top of page

The Serpent Symbolism in the Yazidi Religion and Traditions and the Snake in Yerevan

Written by Sara Bozyel

Serpent symbolism holds a significant place in various religious and cultural traditions across the world. In the Yazidi religion -as well as in Yerevan, the capital city of Armenia- the serpent has long been a symbol laden with meaning. Any visitor to Lalish in Northern Iraq will engrave in their memory of the first thing they saw, an image of a massive black snake that welcomes them upon entry into the courtyard of the Yezidi main sanctuary. The carvings on the walls are as intriguing.

(Image Credit:

Yazidi Serpent Symbolism:

The Yazidi religious tradition, rooted in ancient Mesopotamian beliefs and influenced by Zoroastrianism, Islam, and Christianity, encompasses various symbols, among which the serpent holds a prominent position. The Yazidis associate the serpent with wisdom, knowledge, and the divine (1). The snake is often seen as a symbol of creation and fertility, as well as a representative of cosmic forces and the transcendent. In Yazidi cosmology, the serpent plays a role in the creation of the world and is associated with the deity Tawûsî Melek, also known as the Peacock Angel (1). The Peacock Angel, often depicted with serpents, is considered both a benevolent figure and a bringer of knowledge.

The serpent holds a central place in Yazidi rituals and traditions. It is believed that the snake possesses healing powers, and Yazidis revere them as intermediaries between humans and the divine (1). Snakes are often kept in Yazidi shrines, and their presence is believed to bring blessings and protection. Yazidi religious practices also involve snake handling and dances, where participants express devotion and seek a spiritual connection with the divine through the serpent's symbolic presence (1).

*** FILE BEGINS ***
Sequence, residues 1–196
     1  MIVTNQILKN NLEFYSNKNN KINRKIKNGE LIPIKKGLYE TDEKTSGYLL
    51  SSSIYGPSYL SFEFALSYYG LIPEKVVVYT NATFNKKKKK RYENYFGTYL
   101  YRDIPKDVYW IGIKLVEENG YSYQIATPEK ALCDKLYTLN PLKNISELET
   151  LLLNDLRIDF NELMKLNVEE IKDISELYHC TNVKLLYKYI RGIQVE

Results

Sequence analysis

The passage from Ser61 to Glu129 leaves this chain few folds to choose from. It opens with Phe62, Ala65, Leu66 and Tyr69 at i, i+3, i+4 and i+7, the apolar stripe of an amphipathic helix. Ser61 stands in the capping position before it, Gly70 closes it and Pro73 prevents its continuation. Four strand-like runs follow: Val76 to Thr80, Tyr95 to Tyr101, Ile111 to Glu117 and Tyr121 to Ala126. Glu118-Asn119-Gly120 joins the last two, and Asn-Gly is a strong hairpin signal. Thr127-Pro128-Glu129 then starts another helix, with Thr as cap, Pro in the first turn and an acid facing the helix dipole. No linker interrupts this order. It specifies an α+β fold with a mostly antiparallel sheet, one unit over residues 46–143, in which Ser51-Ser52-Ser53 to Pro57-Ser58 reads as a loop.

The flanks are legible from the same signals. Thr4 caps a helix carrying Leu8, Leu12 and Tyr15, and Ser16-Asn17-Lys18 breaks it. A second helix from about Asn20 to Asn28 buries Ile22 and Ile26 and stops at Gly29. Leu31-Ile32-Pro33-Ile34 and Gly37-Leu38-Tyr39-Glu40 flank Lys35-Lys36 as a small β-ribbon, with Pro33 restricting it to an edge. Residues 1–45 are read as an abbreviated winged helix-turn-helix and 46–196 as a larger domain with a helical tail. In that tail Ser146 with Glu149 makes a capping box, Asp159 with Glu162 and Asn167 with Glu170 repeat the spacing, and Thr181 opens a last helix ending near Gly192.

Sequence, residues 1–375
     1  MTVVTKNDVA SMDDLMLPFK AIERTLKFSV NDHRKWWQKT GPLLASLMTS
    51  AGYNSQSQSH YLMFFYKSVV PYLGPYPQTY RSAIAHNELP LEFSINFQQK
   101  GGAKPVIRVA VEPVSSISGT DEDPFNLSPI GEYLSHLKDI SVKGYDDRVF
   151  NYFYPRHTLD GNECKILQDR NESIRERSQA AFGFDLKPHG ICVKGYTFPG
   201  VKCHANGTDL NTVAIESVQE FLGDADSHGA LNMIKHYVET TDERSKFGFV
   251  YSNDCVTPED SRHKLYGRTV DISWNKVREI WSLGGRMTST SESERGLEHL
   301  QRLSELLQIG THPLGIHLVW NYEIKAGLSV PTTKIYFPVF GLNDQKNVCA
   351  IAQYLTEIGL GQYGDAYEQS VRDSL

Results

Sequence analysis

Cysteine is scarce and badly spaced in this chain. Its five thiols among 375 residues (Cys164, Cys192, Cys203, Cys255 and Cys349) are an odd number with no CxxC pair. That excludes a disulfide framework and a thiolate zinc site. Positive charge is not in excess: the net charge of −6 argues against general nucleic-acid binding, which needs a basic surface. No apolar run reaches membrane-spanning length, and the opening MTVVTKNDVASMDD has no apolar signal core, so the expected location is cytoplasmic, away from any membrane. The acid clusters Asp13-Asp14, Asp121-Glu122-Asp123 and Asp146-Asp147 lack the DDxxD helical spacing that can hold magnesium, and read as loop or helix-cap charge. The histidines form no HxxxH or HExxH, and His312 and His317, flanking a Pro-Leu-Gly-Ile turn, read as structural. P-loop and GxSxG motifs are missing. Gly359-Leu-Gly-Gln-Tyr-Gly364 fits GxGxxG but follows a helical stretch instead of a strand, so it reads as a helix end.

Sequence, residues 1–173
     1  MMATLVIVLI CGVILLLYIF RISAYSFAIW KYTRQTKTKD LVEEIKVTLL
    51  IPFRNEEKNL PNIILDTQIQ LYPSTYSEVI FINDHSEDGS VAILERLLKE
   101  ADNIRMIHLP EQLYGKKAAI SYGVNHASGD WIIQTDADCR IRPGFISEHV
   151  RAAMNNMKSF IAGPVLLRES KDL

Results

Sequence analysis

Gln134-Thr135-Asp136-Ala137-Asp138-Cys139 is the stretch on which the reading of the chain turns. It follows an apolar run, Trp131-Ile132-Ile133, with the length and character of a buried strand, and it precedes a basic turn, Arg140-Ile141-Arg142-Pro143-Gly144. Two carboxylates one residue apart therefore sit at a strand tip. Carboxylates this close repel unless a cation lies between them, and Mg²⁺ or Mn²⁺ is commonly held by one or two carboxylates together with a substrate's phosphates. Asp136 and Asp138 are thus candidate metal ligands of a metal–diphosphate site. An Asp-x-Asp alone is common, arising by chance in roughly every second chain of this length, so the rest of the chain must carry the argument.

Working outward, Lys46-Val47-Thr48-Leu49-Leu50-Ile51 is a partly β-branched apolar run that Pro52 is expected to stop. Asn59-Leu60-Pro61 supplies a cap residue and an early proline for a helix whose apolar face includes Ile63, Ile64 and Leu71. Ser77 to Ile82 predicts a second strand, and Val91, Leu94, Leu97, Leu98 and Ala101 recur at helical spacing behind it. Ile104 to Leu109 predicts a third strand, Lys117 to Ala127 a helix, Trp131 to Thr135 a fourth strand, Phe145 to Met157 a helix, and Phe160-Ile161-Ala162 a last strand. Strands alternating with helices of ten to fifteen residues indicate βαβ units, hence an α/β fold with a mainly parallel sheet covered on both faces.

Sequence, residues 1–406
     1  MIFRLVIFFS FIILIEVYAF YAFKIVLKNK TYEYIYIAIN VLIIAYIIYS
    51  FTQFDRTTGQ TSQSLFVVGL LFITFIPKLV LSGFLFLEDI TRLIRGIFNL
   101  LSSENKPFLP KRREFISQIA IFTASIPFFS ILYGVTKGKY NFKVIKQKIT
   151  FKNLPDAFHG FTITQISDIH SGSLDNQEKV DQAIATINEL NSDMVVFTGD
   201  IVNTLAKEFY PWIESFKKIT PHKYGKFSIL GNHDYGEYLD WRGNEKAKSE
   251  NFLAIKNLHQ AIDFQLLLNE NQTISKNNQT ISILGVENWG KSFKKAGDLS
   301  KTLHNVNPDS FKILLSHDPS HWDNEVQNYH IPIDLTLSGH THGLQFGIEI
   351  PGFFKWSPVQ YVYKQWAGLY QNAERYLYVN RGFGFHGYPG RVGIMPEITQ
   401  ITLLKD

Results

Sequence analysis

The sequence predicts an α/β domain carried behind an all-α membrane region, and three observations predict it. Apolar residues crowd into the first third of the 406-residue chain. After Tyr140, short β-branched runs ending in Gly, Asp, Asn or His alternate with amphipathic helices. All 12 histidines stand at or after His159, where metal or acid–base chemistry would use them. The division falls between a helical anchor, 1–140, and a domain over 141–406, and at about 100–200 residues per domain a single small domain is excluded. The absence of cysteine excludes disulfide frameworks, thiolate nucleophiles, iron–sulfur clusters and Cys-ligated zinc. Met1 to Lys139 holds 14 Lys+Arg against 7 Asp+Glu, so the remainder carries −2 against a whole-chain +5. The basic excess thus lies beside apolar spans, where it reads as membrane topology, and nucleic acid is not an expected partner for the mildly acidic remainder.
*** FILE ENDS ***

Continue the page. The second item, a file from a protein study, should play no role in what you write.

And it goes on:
Snake Symbolism in Yerevan:

Yerevan, the capital city of Armenia, also exhibits a rich history of snake symbolism. The presence of snake imagery in Yerevan can be traced back to pre-Christian times when Armenia practiced a polytheistic religion (1). The snake was considered a guardian and protector, as well as a symbol of fertility and wisdom. With the advent of Christianity, many ancient beliefs and symbols merged with the new faith, and the snake continued to play a significant role in Armenian culture (1).

(Image Credit:

The snake symbol in Yerevan is often associated with the Armenian hero and national figure, Vahagn (1). Vahagn, also known as Vishapakagh, is depicted as a warrior holding a snake in his hands, representing his power and valor. The snake is a symbol of protection and strength, serving as a guardian against evil forces (1). Today, snake motifs can be found in various forms of art and architecture in Yerevan, such as carvings, sculptures, and mosaics, further emphasizing the enduring significance of snake symbolism in the city.

In conclusion, the serpent symbolism in the Yazidi religion and traditions and the snake symbolism in Yerevan showcase the enduring power and multifaceted meanings attributed to this enigmatic creature. In the Yazidi religious tradition, the serpent represents wisdom, creation, and the divine, and its presence in rituals and shrines signifies spiritual connections and blessings. In Yerevan, the snake symbolizes protection, strength, and heroism, connecting it to the national figure of Vahagn. Both contexts demonstrate the enduring presence of serpent symbolism in religious and cultural traditions, emphasizing its universal allure and ability to bridge gaps between diverse belief systems and cultures.


  1. Nicolaus, P. (2011). The serpent symbolism in the yezidi religious tradition and the snake in Yerevan. Iran and the Caucasus, 15(1-2), 49-72.


Commenting has been turned off.
bottom of page